with little other support, training, or skills. benefit the poor. Unlike private companies, NGOs are sel-
The truth is that most beneficiaries of micro-credit repay dom brought to public scrutiny for their effectiveness. There
the loan from income received from their regular jobs and is not much accountability for their activities; even serious
from grants provided by governments for self-help pro- inefficiencies are accepted as though they are in the nature
gramme. Not surprisingly, it is the intermediaries - commer- of the "NGO business." If this situation is to improve, an hon-
cial banks and loan facilitators - that stand to gain the most est assessment of the strengths and weaknesses of NGOs
from the spread between the cost of funds and loan interest as institutions of public service must be undertaken. The cri-
rates. teria for making public funds available to them must match
For example, commercial banks in India receive funds from those activities for which they are best suited.
the government-run National Bank for Agriculture and Rural While NGOs differ widely in their respective capabilities,
Development (NABARD) at 5-6 percent for micro-credit pro- past performance reveals where they have been generally
gramme. They lend at 10 to12 percent to the micro-credit most successful. NGOs have been good advocates for
intermediary that in turn lends at 24 to 36 percent to the final many social causes, pointing out problems and offering
beneficiary. ideas for improvement. They are capable of carrying out
So what makes micro-lending so popular for intermediaries impartial investigations to obtain relevant information, and
and the poor alike in countries like India? If you lend money make recommendations and lobby to get laws enacted. In
to a poor person, and he/she returns it, and if this process is doing so, NGOs have effectively contributed to the formula-
done twice (no need to start any business, but maintain good tion of public policy on a variety of issues dealing with pover-
paperwork), then the poor person is eligible for a government ty, environment, consumer protection, women's rights,
grant for $100 or more. The free money from the government among others.
can be used to repay the third time a micro-loan is made to The supportive role being played by NGOs in the delivery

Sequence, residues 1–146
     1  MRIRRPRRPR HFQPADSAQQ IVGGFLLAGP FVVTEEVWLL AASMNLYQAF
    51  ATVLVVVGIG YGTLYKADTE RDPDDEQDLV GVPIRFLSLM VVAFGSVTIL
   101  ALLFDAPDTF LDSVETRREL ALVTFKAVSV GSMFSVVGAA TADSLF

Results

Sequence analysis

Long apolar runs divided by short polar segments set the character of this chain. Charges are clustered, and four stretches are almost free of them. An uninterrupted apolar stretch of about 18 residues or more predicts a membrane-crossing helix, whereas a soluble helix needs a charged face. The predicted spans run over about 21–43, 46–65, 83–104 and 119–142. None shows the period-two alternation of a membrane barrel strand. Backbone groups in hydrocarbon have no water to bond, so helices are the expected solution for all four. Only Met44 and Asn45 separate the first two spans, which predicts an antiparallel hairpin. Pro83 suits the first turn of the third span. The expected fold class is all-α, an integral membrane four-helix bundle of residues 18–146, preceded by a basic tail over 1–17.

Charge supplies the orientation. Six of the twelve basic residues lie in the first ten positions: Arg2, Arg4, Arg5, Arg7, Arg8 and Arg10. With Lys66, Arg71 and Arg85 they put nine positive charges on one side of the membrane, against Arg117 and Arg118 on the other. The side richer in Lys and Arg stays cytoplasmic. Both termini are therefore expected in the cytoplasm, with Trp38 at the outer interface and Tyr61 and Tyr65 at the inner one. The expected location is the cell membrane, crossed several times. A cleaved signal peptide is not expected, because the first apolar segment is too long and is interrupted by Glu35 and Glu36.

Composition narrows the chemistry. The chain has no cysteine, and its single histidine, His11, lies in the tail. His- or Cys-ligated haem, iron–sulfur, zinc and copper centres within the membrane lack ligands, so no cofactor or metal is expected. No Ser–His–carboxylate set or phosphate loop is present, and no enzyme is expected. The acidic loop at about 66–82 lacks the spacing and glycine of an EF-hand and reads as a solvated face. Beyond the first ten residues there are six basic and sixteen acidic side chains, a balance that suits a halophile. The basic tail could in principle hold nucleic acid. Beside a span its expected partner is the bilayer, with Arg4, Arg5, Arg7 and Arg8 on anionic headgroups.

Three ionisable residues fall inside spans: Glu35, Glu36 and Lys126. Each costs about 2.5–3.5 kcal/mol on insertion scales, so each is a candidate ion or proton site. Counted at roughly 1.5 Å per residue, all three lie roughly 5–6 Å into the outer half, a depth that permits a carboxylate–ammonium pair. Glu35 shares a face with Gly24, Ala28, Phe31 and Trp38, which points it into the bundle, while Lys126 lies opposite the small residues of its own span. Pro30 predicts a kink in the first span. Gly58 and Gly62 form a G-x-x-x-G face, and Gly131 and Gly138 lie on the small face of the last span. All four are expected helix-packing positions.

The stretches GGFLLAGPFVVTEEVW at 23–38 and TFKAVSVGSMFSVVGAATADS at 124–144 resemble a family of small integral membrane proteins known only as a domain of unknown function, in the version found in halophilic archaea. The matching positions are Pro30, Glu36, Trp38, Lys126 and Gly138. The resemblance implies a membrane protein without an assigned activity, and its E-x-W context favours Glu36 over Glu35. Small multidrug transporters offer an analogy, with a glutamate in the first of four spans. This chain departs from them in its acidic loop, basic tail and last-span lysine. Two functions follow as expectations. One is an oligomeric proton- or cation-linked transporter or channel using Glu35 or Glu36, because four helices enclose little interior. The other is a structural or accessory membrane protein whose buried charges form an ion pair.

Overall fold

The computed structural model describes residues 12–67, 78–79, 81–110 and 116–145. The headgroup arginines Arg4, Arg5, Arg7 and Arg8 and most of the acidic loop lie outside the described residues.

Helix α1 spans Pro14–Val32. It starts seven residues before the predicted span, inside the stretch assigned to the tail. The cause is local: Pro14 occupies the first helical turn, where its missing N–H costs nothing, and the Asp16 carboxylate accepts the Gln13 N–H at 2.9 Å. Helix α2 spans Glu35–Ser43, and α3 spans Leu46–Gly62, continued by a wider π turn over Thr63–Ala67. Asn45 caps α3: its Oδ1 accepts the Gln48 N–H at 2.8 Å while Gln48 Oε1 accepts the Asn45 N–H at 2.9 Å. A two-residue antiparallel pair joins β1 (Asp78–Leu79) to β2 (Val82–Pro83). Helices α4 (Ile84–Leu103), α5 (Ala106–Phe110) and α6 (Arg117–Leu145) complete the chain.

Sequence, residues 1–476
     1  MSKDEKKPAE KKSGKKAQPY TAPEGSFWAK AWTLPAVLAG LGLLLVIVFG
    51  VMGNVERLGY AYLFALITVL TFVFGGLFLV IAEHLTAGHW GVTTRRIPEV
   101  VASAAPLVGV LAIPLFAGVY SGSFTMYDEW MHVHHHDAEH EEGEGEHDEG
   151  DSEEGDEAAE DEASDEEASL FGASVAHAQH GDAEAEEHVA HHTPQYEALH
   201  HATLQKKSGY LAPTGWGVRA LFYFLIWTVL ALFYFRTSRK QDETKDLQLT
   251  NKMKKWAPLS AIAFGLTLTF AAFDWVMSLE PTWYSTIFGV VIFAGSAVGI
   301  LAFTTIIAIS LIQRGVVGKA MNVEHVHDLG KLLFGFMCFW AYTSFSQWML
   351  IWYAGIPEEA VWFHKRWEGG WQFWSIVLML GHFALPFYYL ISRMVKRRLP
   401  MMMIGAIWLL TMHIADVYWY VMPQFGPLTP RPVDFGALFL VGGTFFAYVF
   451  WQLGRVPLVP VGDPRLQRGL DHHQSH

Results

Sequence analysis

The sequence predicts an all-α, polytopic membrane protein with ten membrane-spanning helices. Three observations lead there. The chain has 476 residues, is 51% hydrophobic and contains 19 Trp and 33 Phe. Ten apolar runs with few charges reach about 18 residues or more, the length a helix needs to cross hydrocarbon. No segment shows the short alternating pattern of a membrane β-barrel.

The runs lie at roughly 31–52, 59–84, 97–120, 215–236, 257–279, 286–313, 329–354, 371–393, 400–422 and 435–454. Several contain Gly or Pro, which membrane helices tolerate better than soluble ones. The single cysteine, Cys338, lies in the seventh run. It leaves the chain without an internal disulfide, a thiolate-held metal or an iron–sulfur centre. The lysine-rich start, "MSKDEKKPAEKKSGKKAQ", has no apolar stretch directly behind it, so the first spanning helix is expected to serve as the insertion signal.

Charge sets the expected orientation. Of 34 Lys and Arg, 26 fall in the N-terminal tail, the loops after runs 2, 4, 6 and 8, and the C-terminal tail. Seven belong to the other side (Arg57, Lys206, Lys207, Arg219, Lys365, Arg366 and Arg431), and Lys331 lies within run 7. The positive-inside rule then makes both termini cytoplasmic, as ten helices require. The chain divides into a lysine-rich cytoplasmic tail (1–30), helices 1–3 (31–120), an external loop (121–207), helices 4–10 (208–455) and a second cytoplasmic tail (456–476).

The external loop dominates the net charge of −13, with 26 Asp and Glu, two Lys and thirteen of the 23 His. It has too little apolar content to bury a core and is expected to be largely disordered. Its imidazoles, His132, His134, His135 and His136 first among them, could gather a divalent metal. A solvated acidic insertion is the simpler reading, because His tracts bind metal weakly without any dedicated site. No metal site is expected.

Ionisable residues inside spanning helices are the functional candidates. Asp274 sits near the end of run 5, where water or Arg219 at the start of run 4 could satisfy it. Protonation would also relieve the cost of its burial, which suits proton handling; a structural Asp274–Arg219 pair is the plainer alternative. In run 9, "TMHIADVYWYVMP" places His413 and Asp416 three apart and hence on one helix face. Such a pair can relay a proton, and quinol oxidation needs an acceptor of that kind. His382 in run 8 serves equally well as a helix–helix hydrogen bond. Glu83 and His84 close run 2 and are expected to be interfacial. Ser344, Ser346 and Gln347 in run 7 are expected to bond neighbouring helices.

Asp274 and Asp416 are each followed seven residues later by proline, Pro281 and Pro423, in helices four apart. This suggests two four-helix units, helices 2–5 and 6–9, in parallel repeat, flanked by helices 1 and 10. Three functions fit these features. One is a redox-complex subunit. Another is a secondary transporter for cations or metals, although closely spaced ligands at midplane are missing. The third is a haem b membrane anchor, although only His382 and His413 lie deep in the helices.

the beneficiary. The government is now short by the amount of basic services by the government is commendable.
of grant made, but both the poor person and the micro-cred- NGOs have been instrumental in mobilizing community par-
it businessman are assured of their capital and returns. ticipation in a variety of projects through awareness creation
Why do we have to go through this roundabout way to offer and dissemination of appropriate information. By gaining the
free money to poor people, when there are several direct confidence of the poor communities they serve, NGOs have
means to reduce their debt burden? The answer is this: effectively reached out to the people in the government's
micro-credit is often a "hand-out" to the poor on the pretext of effort to deliver services.
an exciting concept, namely, social entrepreneurship, while NGOs undoubtedly have a major role to play in the effort
the intermediaries are assured of high returns. to alleviate poverty. However, it also must be recognized that
A new breed of educated and well-trained loan sharks, most NGOs are not organized to effectively execute major
with support from banks, is now getting into the micro-credit projects. Further, it would be a mistake to involve NGOs in
business in India. It does appear that this form of lending has activities that are best suited for the private sector.

taken over as the trendy cure-all for those pushing "social
entrepreneurship." There is constant publicity in the media
with success stories, and it seems that the few exceptions in
entrepreneurship give the impression that most poor benefi-
ciaries are able to run sustainable businesses with little
money. It is doubtful that the present form of micro-credit, as
practised in India, results in any sustainable development to
benefit the poor.
By appropriately channeling public and donor funds, NGO
activities can be confined to those areas in which they have
sufficient strength. Disappointment in the performance of
governments and lack of sufficient trust in the private sector
are not good reasons to lean on NGOs for carrying out tasks
for which they are not suited. 

Nonprofits have to recognize that

they’re business, not just causes. There’s a way
to combine the very best of the not-for-profit,
philanthrophic world with the very best of the
for-profit, enterprising world. This hybrid is the
wave of the future for both profit and
nonprofit companies.

Bill Stricklan - Author, “Genious At Work”

Catalyst For Human Development
Rural Development

Economic Rural Development Society

Spurring Silent Transformation
ERDS programmes and its tireless workers are succeeding in their effort